Winners of this season”s show were dating couple Amy Diaz and Jason Case, who took home $1 million. The finale drew about 9 million viewers but scored a ratings share of only 2.1 among the 18-49 demo.

NBC”s “Football Night in America” trounced the competition with 16.6 million viewers and a 6.0 rating.

* So, you think you can dance? Fox”s venerable reality competition begins auditions next month in Atlanta (Jan. 13). Other casting calls are New Orleans (Jan. 31) and Los Angeles (March 23) but other sites will be announced shortly at www.fox.com/dance.

* “Farm Kings” returns Thursday on Great American Country, with the promise of the guys overhauling “a clunker for entry into a demolition derby and Lisa entering the local Apple Festival”s pie bake-off.”

The show features the King Family, which runs its Freedom Farms complex off Route 8 in Butler County.

Read more: http://www.post-gazette.com/ae/tv-radio/2013/12/14/Brawlers-focuses-on-Pittsburgers-again/stories/2013121400360000000#ixzz2puduVmwL

Tapped MMA Movie

tapped mma movie

Tapped review By Bill Viola Jr

We are excited for the upcoming release of “Tapped” a new mixed martial arts movie starring our good friend Cody Hackman. Synopsis:  A disgruntled teenager, sent to do community service at a rundown Karate school, enters an MMA tournament to face the man who Natürlich gibt es jede Menge Online-Rubbellose, mit denen Sie genau das tun, aber neben prächtigen Animationen und erstklassigen Soundeffekten integrieren viele Sofortgewinn casino online Spiele nun Sekundärspiele; spannende Funktionen mit lukrativen Boni, Multiplikatoren und großen Bargeldpreisen. killed his pokies online parents.  Co-starring Anderson Silva, casino online Lyoto Machida, and Kumite Classic Champion Nick Bateman.  The mixed martial arts film was shot in Canada and set to make its US debut early 2014.  Coming to a theater near you…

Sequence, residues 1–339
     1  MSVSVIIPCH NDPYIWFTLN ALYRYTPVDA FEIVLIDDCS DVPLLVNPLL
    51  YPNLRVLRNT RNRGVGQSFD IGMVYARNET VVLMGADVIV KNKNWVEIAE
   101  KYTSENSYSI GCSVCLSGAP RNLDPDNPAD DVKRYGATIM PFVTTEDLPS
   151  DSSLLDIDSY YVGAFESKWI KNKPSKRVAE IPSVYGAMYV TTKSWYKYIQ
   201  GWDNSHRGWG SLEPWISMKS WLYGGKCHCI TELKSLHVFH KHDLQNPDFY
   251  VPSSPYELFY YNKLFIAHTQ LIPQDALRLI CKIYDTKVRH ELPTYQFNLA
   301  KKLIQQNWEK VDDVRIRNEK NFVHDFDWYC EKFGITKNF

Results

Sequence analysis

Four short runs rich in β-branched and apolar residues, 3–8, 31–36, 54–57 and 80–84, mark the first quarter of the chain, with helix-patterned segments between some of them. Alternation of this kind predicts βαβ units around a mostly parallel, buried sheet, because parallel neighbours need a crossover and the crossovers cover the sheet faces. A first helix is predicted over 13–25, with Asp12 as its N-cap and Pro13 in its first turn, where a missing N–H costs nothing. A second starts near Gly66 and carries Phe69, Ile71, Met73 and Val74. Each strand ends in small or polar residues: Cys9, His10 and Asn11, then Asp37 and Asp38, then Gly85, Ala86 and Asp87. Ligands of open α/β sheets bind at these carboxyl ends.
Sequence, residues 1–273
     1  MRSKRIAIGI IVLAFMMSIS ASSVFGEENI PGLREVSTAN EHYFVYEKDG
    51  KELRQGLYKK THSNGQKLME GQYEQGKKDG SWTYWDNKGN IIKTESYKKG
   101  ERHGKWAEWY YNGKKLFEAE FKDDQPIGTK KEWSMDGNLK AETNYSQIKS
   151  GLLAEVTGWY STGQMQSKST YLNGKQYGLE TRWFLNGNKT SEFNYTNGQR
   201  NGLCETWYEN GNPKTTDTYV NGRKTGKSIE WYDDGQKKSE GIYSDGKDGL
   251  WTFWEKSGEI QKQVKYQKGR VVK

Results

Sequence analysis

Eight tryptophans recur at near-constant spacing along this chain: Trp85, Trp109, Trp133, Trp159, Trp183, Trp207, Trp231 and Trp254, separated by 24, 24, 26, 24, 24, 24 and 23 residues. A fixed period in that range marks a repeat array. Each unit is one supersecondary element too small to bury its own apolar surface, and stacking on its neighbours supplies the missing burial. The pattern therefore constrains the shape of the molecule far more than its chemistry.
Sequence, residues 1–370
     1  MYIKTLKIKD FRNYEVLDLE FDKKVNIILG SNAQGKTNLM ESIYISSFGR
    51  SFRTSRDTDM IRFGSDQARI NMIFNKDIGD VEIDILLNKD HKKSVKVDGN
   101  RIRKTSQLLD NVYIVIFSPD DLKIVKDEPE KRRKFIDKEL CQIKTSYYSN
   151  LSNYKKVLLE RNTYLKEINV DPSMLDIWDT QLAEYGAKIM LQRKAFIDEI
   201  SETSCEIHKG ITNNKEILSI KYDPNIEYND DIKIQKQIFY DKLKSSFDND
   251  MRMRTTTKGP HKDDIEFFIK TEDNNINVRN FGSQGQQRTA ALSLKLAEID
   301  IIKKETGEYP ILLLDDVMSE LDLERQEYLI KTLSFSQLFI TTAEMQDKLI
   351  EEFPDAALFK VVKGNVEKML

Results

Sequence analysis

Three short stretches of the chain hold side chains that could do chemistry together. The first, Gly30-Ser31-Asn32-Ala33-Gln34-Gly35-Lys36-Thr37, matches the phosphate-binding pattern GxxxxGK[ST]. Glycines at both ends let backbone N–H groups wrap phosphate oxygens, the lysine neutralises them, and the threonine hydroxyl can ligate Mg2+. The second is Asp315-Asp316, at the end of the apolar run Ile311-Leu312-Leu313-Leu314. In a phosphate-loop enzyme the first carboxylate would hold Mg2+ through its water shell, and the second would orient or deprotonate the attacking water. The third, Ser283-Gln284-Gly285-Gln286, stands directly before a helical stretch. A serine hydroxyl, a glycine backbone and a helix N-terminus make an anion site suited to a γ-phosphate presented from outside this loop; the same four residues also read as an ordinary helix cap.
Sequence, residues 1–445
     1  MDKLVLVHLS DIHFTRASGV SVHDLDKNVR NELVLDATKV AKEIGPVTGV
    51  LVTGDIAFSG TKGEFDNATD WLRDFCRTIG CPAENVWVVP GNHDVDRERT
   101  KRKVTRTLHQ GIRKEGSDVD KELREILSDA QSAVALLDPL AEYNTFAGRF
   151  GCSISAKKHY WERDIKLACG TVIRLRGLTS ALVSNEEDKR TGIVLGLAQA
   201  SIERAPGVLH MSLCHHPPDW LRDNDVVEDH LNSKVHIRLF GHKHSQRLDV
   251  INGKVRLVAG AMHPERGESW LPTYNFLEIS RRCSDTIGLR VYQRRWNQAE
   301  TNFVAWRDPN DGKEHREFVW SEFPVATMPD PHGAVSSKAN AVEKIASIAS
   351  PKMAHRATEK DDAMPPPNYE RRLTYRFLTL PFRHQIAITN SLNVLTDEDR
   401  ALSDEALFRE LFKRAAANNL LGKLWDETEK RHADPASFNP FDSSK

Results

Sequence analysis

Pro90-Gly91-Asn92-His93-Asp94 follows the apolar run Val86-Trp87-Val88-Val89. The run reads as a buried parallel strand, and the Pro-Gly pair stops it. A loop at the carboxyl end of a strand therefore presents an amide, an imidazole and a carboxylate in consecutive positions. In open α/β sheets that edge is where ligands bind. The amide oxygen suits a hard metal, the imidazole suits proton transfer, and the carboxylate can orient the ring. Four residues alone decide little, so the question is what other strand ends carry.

cody hackman

 

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Cauliflower Chronicles

marshal carperWhen Marshal Carper broke up with his long-time girlfriend, he packed up his white belt in Brazilian Jiu-Jitsu and moved from rural Pennsylvania to Hilo, Hawaii to train at the BJ Penn MMA Academy.

The Cauliflower Chronicles follow Carper”s adventures and misadventures, both on the mat and around the island. He quickly learns that Hawaii is not the carefree paradise advertised in brochures and finds himself feeling like a foreigner in his own country. On the mat, he experiences Hawaiian fight culture from the inside, goes head to head with BJ Penn, and struggles playfuddle to overcome injuries. Off the mat, he explores the Hawaiian Independence movement and the effects of colonization, battles with giant cockroaches and centipedes, meets a myriad of colorful locals, and travels the island in the bed of the Red Baron—a rusted 1986 Mazda pick-up truck.

At times sad, shocking, and laugh out-loud funny, The Cauliflower Chronicles is a must-read for both sports fans and travel buffs, showing a side of mixed martial arts and Hawaii not available anywhere else.

Pick up your copy today